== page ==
material or to cite them other than as "work in progress." material or to cite them other than as "work in progress."
This Internet-Draft will expire on May 19, 2015. This Internet-Draft will expire on November 27, 2015.
Copyright Notice Copyright Notice
Copyright (c) 2014 IETF Trust and the persons identified as the Copyright (c) 2015 IETF Trust and the persons identified as the
document authors. All rights reserved. document authors. All rights reserved.
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publication of this document. Please review these documents publication of this document. Please review these documents
carefully, as they describe your rights and restrictions with respect carefully, as they describe your rights and restrictions with respect
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the Trust Legal Provisions and are provided without warranty as the Trust Legal Provisions and are provided without warranty as
described in the Simplified BSD License. described in the Simplified BSD License.
Table of Contents Table of Contents
1. Introduction . . . . . . . . . . . . . . . . . . . . . . . . 3 1. Introduction . . . . . . . . . . . . . . . . . . . . . . . . 3
2. Requirements Notation . . . . . . . . . . . . . . . . . . . . 4 2. Requirements Notation . . . . . . . . . . . . . . . . . . . . 4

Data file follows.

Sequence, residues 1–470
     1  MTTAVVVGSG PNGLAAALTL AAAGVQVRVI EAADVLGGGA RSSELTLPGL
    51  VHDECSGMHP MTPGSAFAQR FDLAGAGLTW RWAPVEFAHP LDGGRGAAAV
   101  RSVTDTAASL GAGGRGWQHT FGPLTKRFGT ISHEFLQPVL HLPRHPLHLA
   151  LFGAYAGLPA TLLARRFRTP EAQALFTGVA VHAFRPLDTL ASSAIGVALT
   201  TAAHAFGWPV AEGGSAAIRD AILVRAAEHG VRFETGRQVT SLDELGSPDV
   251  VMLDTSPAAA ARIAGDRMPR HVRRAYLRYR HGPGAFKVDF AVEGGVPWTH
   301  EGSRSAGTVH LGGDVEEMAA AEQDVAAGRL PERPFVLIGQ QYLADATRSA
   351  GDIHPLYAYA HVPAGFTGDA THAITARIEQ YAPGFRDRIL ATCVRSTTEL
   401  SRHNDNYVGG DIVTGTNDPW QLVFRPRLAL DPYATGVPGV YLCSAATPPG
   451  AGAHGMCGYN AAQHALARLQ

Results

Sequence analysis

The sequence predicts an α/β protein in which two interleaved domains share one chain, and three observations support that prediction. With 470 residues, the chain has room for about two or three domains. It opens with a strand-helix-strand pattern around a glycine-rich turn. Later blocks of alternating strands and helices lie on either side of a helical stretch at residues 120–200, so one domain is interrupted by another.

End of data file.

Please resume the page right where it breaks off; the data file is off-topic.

3. Terminology . . . . . . . . . . . . . . . . . . . . . . . . . 4 3. Terminology . . . . . . . . . . . . . . . . . . . . . . . . . 4
4. Overview . . . . . . . . . . . . . . . . . . . . . . . . . . 4 4. Overview . . . . . . . . . . . . . . . . . . . . . . . . . . 5
5. Option Format . . . . . . . . . . . . . . . . . . . . . . . . 6 5. Option Format . . . . . . . . . . . . . . . . . . . . . . . . 6
6. Protocol Description . . . . . . . . . . . . . . . . . . . . 7 6. Protocol Description . . . . . . . . . . . . . . . . . . . . 7
6.1. Originating the Option . . . . . . . . . . . . . . . . . 7 6.1. Originating the Option . . . . . . . . . . . . . . . . . 7
6.2. Generating a Response . . . . . . . . . . . . . . . . . . 8 6.1.1. Recursive Resolvers . . . . . . . . . . . . . . . . . 7
6.3. Handling edns-client-subnet Replies and Caching . . . . . 9 6.1.2. Stub Resolvers . . . . . . . . . . . . . . . . . . . 8
6.4. Transitivity . . . . . . . . . . . . . . . . . . . . . . 11 6.1.3. Forwarders . . . . . . . . . . . . . . . . . . . . . 9
7. IANA Considerations . . . . . . . . . . . . . . . . . . . . . 12 6.2. Generating a Response . . . . . . . . . . . . . . . . . . 9
8. DNSSEC Considerations . . . . . . . . . . . . . . . . . . . . 12 6.2.1. Authoritative Nameserver . . . . . . . . . . . . . . 9
9. NAT Considerations . . . . . . . . . . . . . . . . . . . . . 12 6.2.2. Intermediate Nameserver . . . . . . . . . . . . . . . 10